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Breathe Easier - 5 Strategies to Improve Your Respiratory and Pulmonary Health

February 14, 2022

By 

Few things are scarier than not being able to catch a breath.

The coronavirus pandemic has called attention to the serious health impacts of respiratory illness and, while the number of diagnoses are on the rise, COVID-19 is not the only risk to your respiratory health.

Lung diseases such as asthma, pulmonary fibrosis or chronic obstructive pulmonary disease and even occasional colds or bouts of the flu can also clog or restrict your airways, making it hard to breathe.

Your lungs are also responsible for carrying oxygen through your bloodstream, removing waste gas, filtering out harmful substances and regulating body temperature—and it happens each time you inhale and exhale. (1)

Take a deep breath and follow these five strategies to improve your respiratory and pulmonary health.

Prioritize prevention:

Protect yourself against getting sick by getting the flu vaccine, washing your hands and practicing good respiratory hygiene, including sneezing into your sleeve and avoiding touching your eyes, nose and mouth, which can transmit viruses.(2)

During the coronavirus pandemic, take extra care to clean and disinfect surfaces such as doorknobs, light switches, computer keyboards and other “high touch” surfaces. Social distancing is also essential: Limit your contact with others to reduce the risk of spreading the virus and go into isolation if you become ill.(3)

Magnesium is one of the important supplements for pulmonary health. It acts as both an anti-inflammatory and a bronchodilator and has been used successfully to clear the airways and make it easier to breathe.(4)

Get moving:

Exercise makes your lungs stronger and more efficient.(5) For the biggest benefits, aim to get at least 150 minutes of moderate intensity exercise every week.(6)

Avoid exercising outdoors when the air quality is poor: high levels of air pollution can be hard on your lungs.(7) Download an app to check air quality in your area and take your workouts indoors when pollution is high to protect your respiratory health.

Butt out:

Smoking narrows the airways in your lungs, making it more difficult to breathe. It’s also a primary contributor to lung diseases.(8) To protect your respiratory and pulmonary health, quit smoking. Secondhand smoke also poses a risk so steer clear of areas where others are lighting up to protect your lungs.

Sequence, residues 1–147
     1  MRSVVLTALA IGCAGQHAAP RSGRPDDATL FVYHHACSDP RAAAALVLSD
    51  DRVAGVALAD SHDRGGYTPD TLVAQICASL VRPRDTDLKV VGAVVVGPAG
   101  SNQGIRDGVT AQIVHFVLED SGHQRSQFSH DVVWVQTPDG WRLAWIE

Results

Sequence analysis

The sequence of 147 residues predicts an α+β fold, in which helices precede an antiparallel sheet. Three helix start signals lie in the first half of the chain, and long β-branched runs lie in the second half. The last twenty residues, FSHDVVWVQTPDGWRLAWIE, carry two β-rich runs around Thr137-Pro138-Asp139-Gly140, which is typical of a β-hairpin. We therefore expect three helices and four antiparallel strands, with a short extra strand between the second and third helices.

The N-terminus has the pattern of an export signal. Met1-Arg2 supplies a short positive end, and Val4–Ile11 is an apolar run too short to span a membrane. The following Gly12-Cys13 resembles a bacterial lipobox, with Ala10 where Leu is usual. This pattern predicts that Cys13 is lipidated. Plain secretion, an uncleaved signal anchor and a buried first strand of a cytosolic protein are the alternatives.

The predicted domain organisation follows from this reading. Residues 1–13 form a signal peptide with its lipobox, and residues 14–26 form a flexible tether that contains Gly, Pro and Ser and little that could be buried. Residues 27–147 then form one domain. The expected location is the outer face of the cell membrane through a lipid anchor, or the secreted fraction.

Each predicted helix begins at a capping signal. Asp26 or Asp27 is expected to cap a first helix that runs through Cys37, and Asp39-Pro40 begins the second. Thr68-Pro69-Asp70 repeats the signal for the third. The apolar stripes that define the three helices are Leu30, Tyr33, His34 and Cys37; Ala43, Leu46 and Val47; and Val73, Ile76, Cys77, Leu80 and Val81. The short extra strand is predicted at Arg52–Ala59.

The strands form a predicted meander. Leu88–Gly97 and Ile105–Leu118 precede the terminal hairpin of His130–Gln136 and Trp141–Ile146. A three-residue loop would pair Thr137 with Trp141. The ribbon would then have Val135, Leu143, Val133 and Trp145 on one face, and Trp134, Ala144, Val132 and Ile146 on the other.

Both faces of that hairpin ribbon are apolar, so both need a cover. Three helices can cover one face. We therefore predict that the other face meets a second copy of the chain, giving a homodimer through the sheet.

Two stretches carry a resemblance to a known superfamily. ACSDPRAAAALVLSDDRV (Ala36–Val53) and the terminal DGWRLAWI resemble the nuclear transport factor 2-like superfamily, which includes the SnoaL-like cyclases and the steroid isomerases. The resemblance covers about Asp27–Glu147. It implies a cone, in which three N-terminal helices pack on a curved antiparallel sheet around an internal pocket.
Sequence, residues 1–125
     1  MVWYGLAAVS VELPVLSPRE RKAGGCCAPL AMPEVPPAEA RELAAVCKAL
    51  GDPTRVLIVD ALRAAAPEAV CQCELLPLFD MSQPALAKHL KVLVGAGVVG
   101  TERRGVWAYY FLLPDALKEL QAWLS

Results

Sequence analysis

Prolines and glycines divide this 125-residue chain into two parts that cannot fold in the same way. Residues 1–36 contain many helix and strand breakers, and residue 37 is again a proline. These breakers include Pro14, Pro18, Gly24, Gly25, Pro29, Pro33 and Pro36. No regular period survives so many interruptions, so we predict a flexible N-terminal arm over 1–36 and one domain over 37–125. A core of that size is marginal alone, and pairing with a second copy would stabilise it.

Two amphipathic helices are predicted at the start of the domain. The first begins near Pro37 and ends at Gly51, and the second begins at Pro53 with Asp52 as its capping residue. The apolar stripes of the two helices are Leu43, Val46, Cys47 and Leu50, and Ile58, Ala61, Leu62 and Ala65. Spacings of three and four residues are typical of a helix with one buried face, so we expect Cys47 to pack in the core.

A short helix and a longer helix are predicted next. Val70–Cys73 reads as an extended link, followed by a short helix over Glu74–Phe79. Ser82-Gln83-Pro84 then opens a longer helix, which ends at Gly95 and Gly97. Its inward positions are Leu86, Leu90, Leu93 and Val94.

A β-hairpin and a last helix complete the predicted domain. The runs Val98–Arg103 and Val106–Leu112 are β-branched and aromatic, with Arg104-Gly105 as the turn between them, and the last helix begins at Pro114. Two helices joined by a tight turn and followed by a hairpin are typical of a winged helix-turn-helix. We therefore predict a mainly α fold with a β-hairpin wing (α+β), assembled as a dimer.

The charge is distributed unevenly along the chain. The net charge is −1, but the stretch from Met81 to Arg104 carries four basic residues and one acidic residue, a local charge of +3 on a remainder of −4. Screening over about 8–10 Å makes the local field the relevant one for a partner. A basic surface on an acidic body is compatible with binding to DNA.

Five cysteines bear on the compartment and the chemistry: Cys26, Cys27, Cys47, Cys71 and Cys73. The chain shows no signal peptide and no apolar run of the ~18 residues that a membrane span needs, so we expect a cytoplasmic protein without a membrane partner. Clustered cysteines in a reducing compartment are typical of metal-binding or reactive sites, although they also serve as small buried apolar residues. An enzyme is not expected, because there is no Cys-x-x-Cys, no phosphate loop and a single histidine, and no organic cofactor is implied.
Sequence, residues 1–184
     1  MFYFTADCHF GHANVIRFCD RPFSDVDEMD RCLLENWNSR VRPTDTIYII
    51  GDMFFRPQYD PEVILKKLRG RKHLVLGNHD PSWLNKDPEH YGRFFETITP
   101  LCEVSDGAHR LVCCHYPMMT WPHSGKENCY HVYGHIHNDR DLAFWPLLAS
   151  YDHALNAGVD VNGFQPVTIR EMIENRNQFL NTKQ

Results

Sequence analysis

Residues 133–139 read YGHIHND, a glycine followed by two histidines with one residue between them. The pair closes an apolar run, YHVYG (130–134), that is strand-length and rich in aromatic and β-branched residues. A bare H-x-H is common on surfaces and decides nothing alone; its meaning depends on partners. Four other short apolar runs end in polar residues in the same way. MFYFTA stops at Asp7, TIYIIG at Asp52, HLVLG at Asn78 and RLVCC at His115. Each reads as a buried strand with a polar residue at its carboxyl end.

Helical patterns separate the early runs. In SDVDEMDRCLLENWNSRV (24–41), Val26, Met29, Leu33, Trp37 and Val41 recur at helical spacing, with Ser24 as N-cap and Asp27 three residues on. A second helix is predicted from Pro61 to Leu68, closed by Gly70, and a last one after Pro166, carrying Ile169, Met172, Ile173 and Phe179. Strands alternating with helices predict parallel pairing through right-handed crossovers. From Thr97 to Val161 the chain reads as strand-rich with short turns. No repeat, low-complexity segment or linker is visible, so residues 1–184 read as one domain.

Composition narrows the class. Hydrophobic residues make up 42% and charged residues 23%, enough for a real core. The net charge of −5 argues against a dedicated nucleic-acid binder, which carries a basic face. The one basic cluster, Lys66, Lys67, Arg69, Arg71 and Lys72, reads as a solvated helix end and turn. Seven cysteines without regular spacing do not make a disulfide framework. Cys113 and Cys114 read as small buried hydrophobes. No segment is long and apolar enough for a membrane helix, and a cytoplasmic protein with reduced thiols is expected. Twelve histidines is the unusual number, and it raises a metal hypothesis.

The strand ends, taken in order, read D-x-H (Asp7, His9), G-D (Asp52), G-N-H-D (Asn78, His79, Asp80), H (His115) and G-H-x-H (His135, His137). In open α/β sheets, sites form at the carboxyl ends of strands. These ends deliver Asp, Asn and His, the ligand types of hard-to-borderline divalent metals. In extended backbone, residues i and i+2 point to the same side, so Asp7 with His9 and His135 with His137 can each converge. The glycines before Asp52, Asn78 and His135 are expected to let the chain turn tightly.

Eat a balanced diet:

The foods you choose could help you breathe easier. Fruits and vegetables that are high in antioxidants; fish containing essential Omega-3 fatty acids; and fiber have been linked to improved respiratory health. A healthy diet can reduce inflammation, easing the symptoms of asthma and obstructive lung disease; high consumption of processed meat is linked to worse lung function.(9)

Quercetin, a flavonoid found in fruits and vegetables such as apples, berries, grapes, tomatoes and onions, is an anti-inflammatory that can help reduce infection risk, according to research published in the journal Nutrients.(10)  Additional research showed that flavonoid supplements like quercetin helped boost immune function and reduced the incidence of upper respiratory tract infections.(11)

Fish oil is another natural supplement for respiratory health. Studies show that those with asthma who took Omega-3 fatty acids like those in fish oil led had lower levels of Immunoglobulin E, an antibody that triggers both acute and chronic allergic diseases.(12)

Maintain a healthy weight:

Obesity affects your respiratory and pulmonary health. Not only does it reduce your lung function and force your lungs to work harder, it also makes it more difficult to get diseases like asthma and COPD under control. Even those who are normal weight but have a high body fat percentage are at risk for reduced lung function.(13) Research showed that losing eight percent of your body weight was associated with increased lung volume, improved oxygen intake and reduced breathlessness.(14)

The right combination of healthy lifestyle changes and vitamins for respiratory health can help keep you breathing easy.



Sources:
1. https://www.lung.org/lung-health-diseases/how-lungs-work
2. https://www.who.int/emergencies/diseases/novel-coronavirus-2019/advice-for-public
3. https://www.cdc.gov/coronavirus/2019-ncov/prevent-getting-sick/prevention.html?CDC_AA_refVal=https%3A%2F%2Fwww.cdc.gov%2Fcoronavirus%2F2019-ncov%2Fprepare%2Fprevention.html
4. https://www.ncbi.nlm.nih.gov/pmc/articles/PMC3269605/
5. https://www.lung.org/lung-health-diseases/wellness/exercise-and-lung-health
6. https://www.hhs.gov/fitness/be-active/physical-activity-guidelines-for-americans/index.html
7. https://www.lung.org/blog/four-things-to-know-about-air-quality-and-exercise
8. https://www.lung.org/blog/four-things-to-know-about-air-quality-and-exercise
9. https://www.ncbi.nlm.nih.gov/pmc/articles/PMC5123418/
10. https://www.ncbi.nlm.nih.gov/pmc/articles/PMC4808895/
11. https://www.ncbi.nlm.nih.gov/pmc/articles/PMC4863266/
12. https://insight.jci.org/articles/view/88588
13. https://www.nature.com/articles/s41598-019-38804-3
14. https://www.ncbi.nlm.nih.gov/pmc/articles/PMC4899150/

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